A confession. I started reading Inversions with the full intention of going up to Chapter 12, then pausing and writing this up, seeing what everyone else was saying, going for a sit down and a cup of tea to cogitate upon the undoubtedly excellent and insightful comments of my fellow travellers on this here readalong, then sleeping on it, seeing how I felt in the morning, and only then forging ahead armed with new and varied insight and a vastly improved appreciation for the joys of reading, the singularly uplifting experience of sharing a journey with like-minded folk, and the wit and craft of the dearly departed Mr Banks. And then some 36 hours later I finished reading the epilogue and realized I’d rather fucked it up. Oops.
Nonetheless, rules is rules and I did manage to make a few cursory notes early on. I shall try my level best to flesh these out without giving the game away beyond the end of Chapter 12, though obviously what follows will be SPOILING THE SHIT out of everything up to that point.
Are you guys familiar with the Noble Savage? It’s a concept intimately tied to the White Man’s Burden and is, or used to be (but shamefully still is, really), one of those ‘good’ prejudices. Basically it’s the grossly patronizing and paternalistic conception of any significantly less technologically developed society as possessing this innate nobility, representing the purest expression of man (and it is man) at his most primitive, and the more primitive the man, the more noble the society. These people are simple, ethical, worthy of investigation, admiration, and protection, but one would never consider treating them as equals. This is part of the meme vacuous fashionistas invoke whenever they describe something as being indiscriminately ‘ethnic’ and make me want to strangle them with their batik kimonos, or whatever the fuck is ‘in’ this season.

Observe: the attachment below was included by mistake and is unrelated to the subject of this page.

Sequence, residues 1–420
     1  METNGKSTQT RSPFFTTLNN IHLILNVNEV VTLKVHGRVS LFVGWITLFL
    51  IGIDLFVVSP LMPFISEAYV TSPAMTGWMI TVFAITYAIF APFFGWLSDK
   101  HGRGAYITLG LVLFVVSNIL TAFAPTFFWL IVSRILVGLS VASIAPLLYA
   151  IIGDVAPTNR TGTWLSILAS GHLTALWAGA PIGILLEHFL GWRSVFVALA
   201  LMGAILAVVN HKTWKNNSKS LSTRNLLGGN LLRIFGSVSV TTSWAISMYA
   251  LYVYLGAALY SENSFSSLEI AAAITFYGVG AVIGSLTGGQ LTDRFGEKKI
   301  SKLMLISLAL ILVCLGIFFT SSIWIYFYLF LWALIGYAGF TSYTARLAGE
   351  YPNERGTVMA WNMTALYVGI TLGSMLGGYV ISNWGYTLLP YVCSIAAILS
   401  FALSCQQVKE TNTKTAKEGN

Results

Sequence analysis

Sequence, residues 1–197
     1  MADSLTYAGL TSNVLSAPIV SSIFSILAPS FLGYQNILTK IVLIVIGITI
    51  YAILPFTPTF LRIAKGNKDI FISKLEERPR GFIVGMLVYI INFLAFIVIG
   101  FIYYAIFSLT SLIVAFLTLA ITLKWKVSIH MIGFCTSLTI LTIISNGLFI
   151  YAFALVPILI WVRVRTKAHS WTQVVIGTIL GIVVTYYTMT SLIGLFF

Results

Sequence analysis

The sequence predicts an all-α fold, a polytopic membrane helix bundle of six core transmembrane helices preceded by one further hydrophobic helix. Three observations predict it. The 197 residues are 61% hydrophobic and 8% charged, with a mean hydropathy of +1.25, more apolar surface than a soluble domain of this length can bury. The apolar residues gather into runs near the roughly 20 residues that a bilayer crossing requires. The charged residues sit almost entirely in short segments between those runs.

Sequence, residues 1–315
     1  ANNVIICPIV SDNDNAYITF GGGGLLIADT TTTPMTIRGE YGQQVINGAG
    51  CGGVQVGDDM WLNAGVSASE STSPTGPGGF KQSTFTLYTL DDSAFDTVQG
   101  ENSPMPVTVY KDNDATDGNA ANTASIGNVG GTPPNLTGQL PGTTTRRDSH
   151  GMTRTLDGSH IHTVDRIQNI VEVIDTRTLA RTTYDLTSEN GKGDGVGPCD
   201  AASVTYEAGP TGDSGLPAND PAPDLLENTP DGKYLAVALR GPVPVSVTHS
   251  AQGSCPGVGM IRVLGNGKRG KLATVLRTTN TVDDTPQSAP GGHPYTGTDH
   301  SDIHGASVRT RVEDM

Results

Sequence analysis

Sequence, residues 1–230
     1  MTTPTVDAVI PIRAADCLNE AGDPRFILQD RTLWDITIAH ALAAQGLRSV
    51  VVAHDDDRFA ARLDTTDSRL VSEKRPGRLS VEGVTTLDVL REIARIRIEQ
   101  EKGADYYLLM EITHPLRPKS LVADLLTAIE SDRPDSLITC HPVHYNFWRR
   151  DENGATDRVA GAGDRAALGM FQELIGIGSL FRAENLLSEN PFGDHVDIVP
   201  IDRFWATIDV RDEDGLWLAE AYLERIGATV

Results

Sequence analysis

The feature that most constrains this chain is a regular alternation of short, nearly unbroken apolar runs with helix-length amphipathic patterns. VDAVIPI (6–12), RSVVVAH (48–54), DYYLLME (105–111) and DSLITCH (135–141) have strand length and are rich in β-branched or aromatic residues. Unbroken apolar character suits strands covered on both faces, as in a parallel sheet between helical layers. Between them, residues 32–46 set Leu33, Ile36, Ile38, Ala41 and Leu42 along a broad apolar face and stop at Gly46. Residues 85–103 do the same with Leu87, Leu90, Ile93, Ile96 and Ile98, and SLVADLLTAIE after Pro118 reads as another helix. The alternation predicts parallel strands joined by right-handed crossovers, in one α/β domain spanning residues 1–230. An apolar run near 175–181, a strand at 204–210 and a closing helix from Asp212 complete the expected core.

Actually, before we go on, this is a Culture book, right? Are we all comfortable with exactly how it’s a Culture book? Or should I leave those revelations for the next and final installment? If you don’t want to deal with that, then you might want to skip down a couple of paragraphs to the bullet points, where I’ll pick up with some more general stuff.
Still here? Right, well, the Noble Savage. Compared to the usual run of things (Azad in The Player of Games, Issorile in Excession) the late-medieval society the Culture has decided to stick its nose into this time is decidedly less savage than the norm. I mean sure, there’s the torture and rape and the institutionalized oppression of women and the poor, but in general the world of Inversions seems like a fairly reasonable place to live for a while; backwards, as opposed to out and out degenerate. I guess you could argue that this is the in-universe justification for intervention: it’s at a point where a little gentle nudging could tip it in the right direction and save a whole lot of grief further down the line. This isn’t to dismiss the grimmer stuff as unimportant or not actually all that bad – there is certainly a discussion to be had about the presence of these things in a work written primarily for enjoyment, however clearly it might wear its political and social commentary on its sleeve – but the inhabitants of Haspidus and Tassen are certainly nothing like the Affront, whose cruelty is a defining aspect of who they are as a species; here it seems more like a sadly inevitable but potentially brief waypoint on the road to enlightenment.